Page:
The present invention relates to noise cancellation and reduction and, more specifically, to noise cancellation and reduction using spectral subtraction.
Ambient noise added to speech degrades the performance of speech processing algorithms. Such processing algorithms may include dictation, voice activation, voice compression and other systems. In such systems, it is desired to reduce the noise and improve the signal to noise ratio (S/N ratio) without effecting the speech and its characteristics.
Near field noise canceling microphones provide a satisfactory solution but require that the microphone in the proximity of the voice source (e.g., mouth). In many cases, this is achieved by mounting the microphone on a boom of a headset which situates the microphone at the end of a boom proximate the mouth of the wearer. However, the headset has proven to be either uncomfortable to wear or too restricting for operation in, for example, an automobile.
Microphone array technology in general, and adaptive beamforming arrays in particular, handle severe directional noises in the most efficient way. These systems map the noise field and create nulls towards the noise sources. The number of nulls is limited by the number of microphone elements and processing power. Such arrays have the benefit of hands-free operation without the necessity of a headset.
However, when the noise sources are diffused, the performance of the adaptive system will be reduced to the performance of a regular delay and sum microphone array, which is not always satisfactory. This is the case where the environment is quite reverberant, such as when the noises are strongly reflected from the walls of a room and reach the array from an infinite number of directions. Such is also the case in a car environment for some of the noises radiated from the car chassis.
The spectral subtraction technique provides a solution to further reduce the noise by estimating the noise magnitude spectrum of the polluted signal. The technique estimates the magnitude spectral level of the noise by measuring it during non-speech time intervals detected by a voice switch, and then subtracting the noise magnitude spectrum from the signal. This method, described in detail in Suppression of Acoustic Noise in Speech Using Spectral Subtraction, (Steven F Boll, IEEE ASSP-27 NO.2 April, 1979), achieves good results for stationary diffused noises that are not correlated with the speech signal. The spectral subtraction method, however, creates artifacts, sometimes described as musical noise, that may reduce the performance of the speech algorithm (such as vocoders or voice activation) if the spectral subtraction is uncontrolled. In addition, the spectral subtraction method assumes erroneously that the voice switch accurately detects the presence of speech and locates the non-speech time intervals. This assumption is reasonable for off-line systems but difficult to achieve or obtain in real time systems.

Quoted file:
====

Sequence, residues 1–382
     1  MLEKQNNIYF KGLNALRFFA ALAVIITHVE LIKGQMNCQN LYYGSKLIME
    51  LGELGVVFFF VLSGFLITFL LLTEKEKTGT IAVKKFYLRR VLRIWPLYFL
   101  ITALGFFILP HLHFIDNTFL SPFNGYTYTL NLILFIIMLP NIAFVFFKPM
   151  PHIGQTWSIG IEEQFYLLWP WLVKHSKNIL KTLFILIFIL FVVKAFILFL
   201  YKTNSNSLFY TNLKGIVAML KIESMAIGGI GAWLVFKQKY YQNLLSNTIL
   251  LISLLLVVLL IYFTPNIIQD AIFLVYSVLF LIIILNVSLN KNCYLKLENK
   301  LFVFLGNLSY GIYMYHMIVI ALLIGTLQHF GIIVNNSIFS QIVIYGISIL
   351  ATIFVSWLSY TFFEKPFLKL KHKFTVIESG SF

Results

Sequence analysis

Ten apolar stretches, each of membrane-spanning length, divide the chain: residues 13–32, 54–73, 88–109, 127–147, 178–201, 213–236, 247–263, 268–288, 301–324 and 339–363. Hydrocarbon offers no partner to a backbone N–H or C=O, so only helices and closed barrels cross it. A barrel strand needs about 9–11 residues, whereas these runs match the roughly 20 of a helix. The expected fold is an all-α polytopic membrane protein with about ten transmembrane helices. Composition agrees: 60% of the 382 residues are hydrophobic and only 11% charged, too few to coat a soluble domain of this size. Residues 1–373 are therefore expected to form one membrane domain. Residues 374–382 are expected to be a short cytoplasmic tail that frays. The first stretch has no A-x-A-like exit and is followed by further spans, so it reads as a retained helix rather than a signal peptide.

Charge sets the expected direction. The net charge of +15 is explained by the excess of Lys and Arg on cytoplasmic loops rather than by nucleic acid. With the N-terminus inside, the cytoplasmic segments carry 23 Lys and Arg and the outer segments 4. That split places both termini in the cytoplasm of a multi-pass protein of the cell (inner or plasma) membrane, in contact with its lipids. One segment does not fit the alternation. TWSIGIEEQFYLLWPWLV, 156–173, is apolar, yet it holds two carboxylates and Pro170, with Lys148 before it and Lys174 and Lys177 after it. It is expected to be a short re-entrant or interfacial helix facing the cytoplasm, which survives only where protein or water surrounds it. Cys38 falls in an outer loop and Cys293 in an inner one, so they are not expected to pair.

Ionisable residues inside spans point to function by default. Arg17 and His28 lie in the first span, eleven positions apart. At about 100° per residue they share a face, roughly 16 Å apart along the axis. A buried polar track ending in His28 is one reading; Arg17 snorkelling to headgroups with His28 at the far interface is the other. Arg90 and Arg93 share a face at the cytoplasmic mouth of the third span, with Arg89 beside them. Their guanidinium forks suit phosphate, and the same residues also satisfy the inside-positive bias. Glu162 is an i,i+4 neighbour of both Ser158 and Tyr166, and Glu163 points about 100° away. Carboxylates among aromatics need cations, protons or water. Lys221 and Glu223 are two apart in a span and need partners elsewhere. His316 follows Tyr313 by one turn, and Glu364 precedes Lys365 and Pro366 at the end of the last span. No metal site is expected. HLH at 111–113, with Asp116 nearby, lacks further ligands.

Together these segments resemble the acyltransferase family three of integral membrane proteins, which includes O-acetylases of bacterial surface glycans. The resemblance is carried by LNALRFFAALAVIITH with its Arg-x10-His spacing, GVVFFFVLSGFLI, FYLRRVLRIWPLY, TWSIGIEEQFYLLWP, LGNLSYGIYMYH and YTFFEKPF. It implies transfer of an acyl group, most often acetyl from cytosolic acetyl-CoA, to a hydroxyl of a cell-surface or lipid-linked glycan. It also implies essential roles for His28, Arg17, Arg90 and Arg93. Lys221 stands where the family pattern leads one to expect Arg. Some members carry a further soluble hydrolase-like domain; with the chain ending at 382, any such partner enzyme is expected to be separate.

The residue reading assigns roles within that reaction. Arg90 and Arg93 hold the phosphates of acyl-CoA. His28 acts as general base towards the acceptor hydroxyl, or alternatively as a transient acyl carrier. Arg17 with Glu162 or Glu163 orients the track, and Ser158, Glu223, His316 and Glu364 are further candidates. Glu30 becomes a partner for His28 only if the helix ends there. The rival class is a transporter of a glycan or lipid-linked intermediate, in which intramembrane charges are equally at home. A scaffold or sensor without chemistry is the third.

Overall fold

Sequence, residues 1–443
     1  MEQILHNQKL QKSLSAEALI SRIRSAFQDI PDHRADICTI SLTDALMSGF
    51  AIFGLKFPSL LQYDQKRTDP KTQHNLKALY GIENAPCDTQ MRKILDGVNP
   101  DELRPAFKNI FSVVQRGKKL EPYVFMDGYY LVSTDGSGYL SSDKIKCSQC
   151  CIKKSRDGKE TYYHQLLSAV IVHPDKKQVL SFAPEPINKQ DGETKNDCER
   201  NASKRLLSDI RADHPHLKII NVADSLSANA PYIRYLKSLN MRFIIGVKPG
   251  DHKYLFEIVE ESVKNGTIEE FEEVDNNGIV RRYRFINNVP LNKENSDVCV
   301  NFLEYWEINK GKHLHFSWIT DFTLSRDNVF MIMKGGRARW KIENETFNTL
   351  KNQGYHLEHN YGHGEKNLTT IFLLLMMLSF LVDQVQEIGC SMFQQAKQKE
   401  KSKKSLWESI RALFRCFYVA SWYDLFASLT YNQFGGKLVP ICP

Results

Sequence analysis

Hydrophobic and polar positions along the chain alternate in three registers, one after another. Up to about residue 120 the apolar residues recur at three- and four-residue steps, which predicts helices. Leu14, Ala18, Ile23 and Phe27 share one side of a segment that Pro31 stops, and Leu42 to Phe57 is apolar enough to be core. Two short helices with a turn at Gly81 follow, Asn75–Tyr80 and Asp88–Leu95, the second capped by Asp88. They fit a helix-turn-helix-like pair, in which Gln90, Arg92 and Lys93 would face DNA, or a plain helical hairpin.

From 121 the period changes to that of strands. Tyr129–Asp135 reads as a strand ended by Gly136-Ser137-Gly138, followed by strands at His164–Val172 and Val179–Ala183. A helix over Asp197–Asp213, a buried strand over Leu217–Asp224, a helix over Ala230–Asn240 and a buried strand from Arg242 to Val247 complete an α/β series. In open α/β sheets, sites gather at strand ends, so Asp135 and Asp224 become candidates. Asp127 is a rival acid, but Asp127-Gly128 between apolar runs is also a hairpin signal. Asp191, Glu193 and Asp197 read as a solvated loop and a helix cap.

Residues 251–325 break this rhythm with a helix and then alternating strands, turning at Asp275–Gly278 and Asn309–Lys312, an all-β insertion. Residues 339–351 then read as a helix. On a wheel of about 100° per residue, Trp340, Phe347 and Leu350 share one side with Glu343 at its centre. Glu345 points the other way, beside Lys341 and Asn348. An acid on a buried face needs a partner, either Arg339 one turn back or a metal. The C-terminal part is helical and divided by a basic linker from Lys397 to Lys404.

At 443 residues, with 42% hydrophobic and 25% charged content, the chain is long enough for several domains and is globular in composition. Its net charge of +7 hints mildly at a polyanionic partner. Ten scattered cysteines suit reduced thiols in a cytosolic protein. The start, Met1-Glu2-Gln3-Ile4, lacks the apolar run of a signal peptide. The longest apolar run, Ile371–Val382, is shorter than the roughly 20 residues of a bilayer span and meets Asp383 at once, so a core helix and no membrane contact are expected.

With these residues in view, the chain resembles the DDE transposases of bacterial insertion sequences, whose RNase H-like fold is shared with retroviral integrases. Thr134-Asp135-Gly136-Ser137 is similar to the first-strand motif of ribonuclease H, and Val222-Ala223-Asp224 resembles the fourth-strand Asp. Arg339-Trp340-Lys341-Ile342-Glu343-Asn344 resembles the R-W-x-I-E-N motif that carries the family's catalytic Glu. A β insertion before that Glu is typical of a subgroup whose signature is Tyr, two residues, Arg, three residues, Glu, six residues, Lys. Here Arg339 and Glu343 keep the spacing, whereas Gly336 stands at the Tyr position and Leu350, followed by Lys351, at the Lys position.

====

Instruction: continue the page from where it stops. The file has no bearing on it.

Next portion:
More particularly, the noise magnitude spectrum is estimated by performing an FFT of 256 points of the non-speech time intervals and computing the energy of each frequency bin. The FFT is performed after the time domain signal is multiplied by a shading window (Hanning or other) with an overlap of 50%. The energy of each frequency bin is averaged with neighboring FFT time frames. The number of frames is not determined but depends on the stability of the noise. For a stationary noise, it is preferred that many frames are averaged to obtain better noise estimation. For a non-stationary noise, a long averaging may be harmful. Problematically, there is no means to know a-priori whether the noise is stationary or non-stationary.
Assuming the noise magnitude spectrum estimation is calculated, the input signal is multiplied by a shading window (Hanning or other), an FFT is performed (256 points or other) with an overlap of 50% and the magnitude of each bin is averaged over 2-3 FFT frames. The noise magnitude spectrum is then subtracted from the signal magnitude. If the result is negative, the value is replaced by a zero (Half Wave Rectification). It is recommended, however, to further reduce the residual noise present during non-speech intervals by replacing low values with a minimum value (or zero) or by attenuating the residual noise by 30 dB. The resulting output is the noise free magnitude spectrum.